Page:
3. Government funding.  With government funding running out December 16th, Congress will need to pass either a continuing resolution (CR) or an omnibus appropriations bill to fund the government. There are some in the newly elected House Republican majority who want to try and save this bill for leverage next year, but it seems likely that Congress will fund the government until the end of the fiscal year, September 30, 2023, and save the fight on government funding in a divided government for another day. In addition to government funding, there are a large number of earmarks for retiring and returning Members tied up in this package. Appropriations leaders are currently negotiating a total number for the spending bill, and they will need to arrive at an agreement by the end of next week or sooner to have any chance of getting this done this year.
  4. Secure Act 2.0.  This retirement security bill has broad bipartisan support and should be able to be folded into any package that moves, although this bill does have a number of tax provisions, which could be excluded if a broader agreement on taxes is not reached.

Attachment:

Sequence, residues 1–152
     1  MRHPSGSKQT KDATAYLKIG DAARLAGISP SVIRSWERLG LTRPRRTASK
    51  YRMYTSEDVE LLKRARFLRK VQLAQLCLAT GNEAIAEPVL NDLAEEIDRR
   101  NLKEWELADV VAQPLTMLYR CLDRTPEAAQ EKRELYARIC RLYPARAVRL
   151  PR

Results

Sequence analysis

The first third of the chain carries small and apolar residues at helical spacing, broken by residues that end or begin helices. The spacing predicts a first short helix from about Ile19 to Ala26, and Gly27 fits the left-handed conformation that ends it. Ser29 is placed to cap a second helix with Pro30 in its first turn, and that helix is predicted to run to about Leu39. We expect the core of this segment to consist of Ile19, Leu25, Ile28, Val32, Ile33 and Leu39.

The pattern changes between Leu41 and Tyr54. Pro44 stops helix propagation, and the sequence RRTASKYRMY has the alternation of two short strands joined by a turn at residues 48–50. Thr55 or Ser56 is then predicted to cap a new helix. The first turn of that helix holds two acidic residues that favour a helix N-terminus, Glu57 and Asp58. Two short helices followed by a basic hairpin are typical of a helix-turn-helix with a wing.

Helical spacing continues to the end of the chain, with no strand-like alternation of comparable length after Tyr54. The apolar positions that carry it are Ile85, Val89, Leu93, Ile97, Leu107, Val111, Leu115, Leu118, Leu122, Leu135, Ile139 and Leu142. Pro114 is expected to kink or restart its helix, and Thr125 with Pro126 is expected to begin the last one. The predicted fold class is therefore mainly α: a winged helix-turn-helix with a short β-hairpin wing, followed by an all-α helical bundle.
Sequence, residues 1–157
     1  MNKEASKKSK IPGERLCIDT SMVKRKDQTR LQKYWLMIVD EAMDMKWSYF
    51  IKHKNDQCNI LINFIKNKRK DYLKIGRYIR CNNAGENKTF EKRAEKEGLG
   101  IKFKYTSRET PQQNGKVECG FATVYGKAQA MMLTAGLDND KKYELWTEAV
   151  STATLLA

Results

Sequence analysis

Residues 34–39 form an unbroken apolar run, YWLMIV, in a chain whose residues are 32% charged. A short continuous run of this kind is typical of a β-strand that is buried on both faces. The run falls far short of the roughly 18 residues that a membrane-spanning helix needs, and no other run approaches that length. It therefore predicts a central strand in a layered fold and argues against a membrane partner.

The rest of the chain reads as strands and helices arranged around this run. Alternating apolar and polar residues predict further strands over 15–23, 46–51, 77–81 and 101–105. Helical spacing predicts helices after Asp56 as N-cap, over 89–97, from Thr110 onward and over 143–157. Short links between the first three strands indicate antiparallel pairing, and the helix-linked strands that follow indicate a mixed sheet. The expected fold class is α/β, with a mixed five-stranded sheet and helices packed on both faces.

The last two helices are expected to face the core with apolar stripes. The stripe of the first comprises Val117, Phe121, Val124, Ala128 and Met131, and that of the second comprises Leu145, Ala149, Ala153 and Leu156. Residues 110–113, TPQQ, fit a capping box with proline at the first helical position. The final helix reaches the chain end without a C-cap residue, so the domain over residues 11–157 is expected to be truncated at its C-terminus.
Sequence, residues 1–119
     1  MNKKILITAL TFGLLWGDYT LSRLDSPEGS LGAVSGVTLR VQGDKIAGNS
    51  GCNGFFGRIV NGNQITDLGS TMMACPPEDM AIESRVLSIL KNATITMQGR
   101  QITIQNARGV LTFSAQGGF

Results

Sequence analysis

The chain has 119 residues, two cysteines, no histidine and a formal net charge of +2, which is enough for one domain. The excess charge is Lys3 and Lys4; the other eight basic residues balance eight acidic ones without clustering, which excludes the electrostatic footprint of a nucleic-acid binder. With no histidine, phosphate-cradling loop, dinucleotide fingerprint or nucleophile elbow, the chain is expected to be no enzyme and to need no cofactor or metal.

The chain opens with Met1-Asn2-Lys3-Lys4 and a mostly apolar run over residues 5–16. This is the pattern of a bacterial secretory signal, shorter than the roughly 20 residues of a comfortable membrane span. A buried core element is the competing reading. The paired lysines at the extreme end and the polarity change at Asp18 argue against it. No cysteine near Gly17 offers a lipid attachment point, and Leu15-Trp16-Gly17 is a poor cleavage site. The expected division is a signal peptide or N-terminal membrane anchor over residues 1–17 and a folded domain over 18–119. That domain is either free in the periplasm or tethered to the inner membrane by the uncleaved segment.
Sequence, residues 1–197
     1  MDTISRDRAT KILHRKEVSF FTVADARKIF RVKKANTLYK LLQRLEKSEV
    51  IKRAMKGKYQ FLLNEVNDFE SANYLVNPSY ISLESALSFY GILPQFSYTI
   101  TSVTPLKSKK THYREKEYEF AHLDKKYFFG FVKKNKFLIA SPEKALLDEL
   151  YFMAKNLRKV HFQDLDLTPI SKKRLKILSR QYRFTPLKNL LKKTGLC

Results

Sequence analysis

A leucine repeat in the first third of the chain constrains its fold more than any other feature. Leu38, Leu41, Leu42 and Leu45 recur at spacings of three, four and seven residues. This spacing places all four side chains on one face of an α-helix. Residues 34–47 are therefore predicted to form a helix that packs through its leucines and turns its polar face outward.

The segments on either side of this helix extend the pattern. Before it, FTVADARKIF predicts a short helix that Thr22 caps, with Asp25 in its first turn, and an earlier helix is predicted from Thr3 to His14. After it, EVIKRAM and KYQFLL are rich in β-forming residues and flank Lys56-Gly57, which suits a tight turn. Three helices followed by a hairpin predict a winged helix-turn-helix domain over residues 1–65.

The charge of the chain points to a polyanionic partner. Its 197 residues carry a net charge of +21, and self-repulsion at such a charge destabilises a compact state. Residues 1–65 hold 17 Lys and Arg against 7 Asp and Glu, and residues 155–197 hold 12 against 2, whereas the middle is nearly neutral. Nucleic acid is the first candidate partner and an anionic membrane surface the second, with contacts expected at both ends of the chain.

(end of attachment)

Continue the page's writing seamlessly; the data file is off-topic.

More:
5. Increase in the debt ceiling.  The United States is expected to reach the limit of its borrowing authority sometime in the spring or summer of 2023. In order the avoid a massive fight in a divided Congress, some leaders are considering raising the debt ceiling now to ensure that the full faith and credit of the United States lasts through the next presidential election. Democrats are saying this effort must be bipartisan, even as some Democrats suggest it would be best for them to use the filibuster-proof budget reconciliation process. Look for this conversation to be resolved before other items move.